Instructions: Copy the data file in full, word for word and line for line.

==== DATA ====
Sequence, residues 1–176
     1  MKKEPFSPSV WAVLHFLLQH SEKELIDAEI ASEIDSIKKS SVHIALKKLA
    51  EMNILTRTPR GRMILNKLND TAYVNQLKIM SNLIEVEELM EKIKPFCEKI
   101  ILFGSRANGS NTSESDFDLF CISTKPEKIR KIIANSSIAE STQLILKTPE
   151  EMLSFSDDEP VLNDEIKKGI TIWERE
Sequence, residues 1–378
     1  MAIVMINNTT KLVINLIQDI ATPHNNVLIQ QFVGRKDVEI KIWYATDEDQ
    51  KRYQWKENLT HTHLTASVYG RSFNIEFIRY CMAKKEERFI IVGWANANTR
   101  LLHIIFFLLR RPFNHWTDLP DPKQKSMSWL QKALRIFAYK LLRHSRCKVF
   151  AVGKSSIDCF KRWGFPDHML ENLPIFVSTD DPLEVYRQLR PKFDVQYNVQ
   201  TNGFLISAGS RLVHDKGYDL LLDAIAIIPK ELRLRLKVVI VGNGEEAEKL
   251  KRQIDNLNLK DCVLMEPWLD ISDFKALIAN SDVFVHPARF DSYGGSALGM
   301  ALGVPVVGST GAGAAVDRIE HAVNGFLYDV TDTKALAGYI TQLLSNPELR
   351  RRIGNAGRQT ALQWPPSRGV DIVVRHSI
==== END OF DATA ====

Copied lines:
Sequence, residues 1–176
     1  MKKEPFSPSV WAVLHFLLQH SEKELIDAEI ASEIDSIKKS SVHIALKKLA
    51  EMNILTRTPR GRMILNKLND TAYVNQLKIM SNLIEVEELM EKIKPFCEKI
   101  ILFGSRANGS NTSESDFDLF CISTKPEKIR KIIANSSIAE STQLILKTPE
   151  EMLSFSDDEP VLNDEIKKGI TIWERE
Sequence, residues 1–378
     1  MAIVMINNTT KLVINLIQDI ATPHNNVLIQ QFVGRKDVEI KIWYATDEDQ
    51  KRYQWKENLT HTHLTASVYG RSFNIEFIRY CMAKKEERFI IVGWANANTR
   101  LLHIIFFLLR RPFNHWTDLP DPKQKSMSWL QKALRIFAYK LLRHSRCKVF
   151  AVGKSSIDCF KRWGFPDHML ENLPIFVSTD DPLEVYRQLR PKFDVQYNVQ
   201  TNGFLISAGS RLVHDKGYDL LLDAIAIIPK ELRLRLKVVI VGNGEEAEKL
   251  KRQIDNLNLK DCVLMEPWLD ISDFKALIAN SDVFVHPARF DSYGGSALGM
   301  ALGVPVVGST GAGAAVDRIE HAVNGFLYDV TDTKALAGYI TQLLSNPELR
   351  RRIGNAGRQT ALQWPPSRGV DIVVRHSI